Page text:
Numerous companies and travel agents offer round-island snorkelling trips that include equipment hire and stop for a splash at a number of sites on the way. These include Ko Tao Marine, where day trips cost from 1,200 baht per person.
Dive shops are even more prevalent, with most offering learn-to-dive courses as well as day trips. Crystal Dive has an excellent reputation, and offers trips for already certified divers for from 700 baht per dive. For beginners, a four day Open Water course with full PADI certification at the end costs 9,800 baht.
More information: and

Where? Chonburi
Calling it ‘The Flight of the Gibbon’ is somewhat ambitious – gibbons are far more graceful than any human trussed up in a harness will ever be – but flying through the jungle is possible to the south-east of Bangkok.
The Flight Of The Gibbon zipline course in Chonburi involves trees being connected to each other with wires. Visitors clip on to them, then fly across from platform to platform, often over somewhat terrifying drops.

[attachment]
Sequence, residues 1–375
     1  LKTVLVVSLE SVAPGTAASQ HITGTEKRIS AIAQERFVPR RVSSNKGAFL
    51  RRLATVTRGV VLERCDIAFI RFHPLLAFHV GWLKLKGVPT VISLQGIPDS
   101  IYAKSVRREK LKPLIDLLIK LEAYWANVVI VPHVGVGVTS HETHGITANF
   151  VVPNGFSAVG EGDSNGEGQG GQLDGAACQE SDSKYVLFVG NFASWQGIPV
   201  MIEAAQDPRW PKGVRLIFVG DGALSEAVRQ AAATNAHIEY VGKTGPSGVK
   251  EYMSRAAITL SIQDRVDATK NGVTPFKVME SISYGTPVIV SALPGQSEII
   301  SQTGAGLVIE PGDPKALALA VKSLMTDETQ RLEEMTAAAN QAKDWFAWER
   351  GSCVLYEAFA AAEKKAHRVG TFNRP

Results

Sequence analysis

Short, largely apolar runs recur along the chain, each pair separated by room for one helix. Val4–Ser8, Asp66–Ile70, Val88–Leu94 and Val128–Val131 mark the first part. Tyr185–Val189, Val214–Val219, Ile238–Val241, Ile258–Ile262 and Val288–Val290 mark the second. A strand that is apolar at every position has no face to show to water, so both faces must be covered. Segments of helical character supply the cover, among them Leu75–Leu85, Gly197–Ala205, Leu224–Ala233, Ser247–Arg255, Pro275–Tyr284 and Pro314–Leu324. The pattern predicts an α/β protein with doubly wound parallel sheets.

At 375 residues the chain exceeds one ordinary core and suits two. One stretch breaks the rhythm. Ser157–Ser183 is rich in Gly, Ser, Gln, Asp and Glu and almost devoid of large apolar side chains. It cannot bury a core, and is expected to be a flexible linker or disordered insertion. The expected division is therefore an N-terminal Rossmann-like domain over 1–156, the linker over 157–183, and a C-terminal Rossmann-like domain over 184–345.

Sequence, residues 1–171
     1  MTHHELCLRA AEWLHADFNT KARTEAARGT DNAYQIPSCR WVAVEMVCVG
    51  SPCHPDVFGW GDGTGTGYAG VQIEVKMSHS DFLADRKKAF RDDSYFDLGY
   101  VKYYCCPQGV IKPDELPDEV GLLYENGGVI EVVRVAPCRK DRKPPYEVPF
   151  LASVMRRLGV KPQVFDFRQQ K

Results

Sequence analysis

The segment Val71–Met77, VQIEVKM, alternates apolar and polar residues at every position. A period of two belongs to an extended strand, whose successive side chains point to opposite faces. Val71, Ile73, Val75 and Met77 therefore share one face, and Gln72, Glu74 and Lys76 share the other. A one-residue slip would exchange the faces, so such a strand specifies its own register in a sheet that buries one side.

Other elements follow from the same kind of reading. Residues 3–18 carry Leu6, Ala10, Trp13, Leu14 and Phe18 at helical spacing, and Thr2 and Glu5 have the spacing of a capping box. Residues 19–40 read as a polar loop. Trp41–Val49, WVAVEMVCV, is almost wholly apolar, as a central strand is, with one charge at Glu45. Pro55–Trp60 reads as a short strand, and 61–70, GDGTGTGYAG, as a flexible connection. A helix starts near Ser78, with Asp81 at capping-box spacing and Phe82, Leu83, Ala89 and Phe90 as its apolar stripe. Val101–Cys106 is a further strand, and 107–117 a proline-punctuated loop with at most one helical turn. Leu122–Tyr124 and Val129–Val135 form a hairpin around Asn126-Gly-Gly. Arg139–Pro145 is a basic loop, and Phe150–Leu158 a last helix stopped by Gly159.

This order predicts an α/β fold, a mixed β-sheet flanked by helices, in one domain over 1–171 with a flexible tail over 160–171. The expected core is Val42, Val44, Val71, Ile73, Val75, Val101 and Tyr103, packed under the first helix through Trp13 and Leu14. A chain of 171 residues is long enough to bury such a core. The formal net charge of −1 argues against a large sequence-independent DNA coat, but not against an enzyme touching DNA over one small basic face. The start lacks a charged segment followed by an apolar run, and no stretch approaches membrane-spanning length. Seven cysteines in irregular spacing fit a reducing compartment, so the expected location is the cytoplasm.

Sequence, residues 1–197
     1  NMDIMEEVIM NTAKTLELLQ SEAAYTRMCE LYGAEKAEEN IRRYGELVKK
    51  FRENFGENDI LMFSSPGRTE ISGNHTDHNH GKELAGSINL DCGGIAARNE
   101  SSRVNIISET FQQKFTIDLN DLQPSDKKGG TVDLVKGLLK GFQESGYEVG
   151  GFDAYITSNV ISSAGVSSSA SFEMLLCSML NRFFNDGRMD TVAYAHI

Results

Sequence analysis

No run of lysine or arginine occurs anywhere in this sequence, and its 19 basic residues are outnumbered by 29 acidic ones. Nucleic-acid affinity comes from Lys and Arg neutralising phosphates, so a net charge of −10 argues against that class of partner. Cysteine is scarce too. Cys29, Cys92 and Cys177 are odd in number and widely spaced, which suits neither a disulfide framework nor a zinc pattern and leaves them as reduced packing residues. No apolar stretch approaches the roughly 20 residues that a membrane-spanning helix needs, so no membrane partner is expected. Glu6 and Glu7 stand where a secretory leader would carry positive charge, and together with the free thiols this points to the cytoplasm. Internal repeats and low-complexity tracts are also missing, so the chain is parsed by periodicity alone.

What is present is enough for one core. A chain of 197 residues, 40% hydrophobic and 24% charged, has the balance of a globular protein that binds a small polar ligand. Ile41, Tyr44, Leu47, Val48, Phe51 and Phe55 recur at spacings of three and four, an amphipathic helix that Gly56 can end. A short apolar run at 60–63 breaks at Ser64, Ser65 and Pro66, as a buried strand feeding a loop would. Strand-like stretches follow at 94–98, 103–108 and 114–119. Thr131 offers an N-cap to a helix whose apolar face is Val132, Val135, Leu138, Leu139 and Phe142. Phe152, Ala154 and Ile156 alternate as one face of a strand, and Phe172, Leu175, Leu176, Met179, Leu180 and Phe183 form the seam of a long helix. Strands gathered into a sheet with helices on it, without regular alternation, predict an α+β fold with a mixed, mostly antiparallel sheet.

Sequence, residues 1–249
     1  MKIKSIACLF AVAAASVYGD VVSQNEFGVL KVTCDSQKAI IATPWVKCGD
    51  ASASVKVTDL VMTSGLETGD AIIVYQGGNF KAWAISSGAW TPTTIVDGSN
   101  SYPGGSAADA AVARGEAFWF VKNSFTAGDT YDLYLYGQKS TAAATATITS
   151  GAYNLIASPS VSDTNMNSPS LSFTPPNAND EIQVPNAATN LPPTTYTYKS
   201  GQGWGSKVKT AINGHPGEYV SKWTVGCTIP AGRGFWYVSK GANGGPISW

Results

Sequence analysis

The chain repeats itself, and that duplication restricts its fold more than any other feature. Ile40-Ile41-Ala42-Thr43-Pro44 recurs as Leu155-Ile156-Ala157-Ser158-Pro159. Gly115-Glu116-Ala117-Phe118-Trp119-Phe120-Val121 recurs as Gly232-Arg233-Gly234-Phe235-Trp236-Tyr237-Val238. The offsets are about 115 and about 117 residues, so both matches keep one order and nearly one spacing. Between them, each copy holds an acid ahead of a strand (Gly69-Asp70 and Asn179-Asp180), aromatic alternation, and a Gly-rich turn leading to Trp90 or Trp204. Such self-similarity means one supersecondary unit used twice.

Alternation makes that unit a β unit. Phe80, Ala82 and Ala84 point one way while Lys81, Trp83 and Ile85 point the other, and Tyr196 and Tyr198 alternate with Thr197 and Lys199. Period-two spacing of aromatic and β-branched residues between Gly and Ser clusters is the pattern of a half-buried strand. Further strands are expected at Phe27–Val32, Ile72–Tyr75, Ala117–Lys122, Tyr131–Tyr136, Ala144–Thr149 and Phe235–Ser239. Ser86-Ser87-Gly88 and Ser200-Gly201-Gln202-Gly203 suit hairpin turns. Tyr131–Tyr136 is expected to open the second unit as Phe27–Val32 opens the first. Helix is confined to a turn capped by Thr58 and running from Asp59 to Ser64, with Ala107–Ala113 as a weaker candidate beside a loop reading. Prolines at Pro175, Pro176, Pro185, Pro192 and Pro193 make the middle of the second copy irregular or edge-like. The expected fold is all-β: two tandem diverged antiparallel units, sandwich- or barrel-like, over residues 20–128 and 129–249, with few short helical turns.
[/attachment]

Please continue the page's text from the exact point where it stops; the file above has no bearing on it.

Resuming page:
Go for the full day, 3299 baht option with pick up from Bangkok, and you’ll cover over 3km of zipline, leaping from 24 platforms and tackling one monster run of over 300 metres.
The same company also runs a similar course near Chiang Mai.
More information:

Where? Phuket
Of all the ludicrous adventure activities to have come out of New Zealand in recent years, zorbing is arguably the silliest. It involves no skill at all – just the ability to flounder around inside a giant plastic ball as it lumbers down a hill. The twist is that the ball is partially filled with water, meaning that the guinea pig (or should that be hamster?) inside sloshes around with it.
Therefore, as you roll down the hill, there’s a high chance of being flushed into all manner of positions – upside down, backwards or flat on your face. It’s more fun than frightening, though – laughter is far more likely than screams.
The Rollerball operation near Phuket’s Patong Beach claims to have the longest zorbing run in the world, stretching 190 metres from the hilltop and running down towards the Andaman Sea. One run costs 950 baht (A$30) per person.
More information:

Quad biking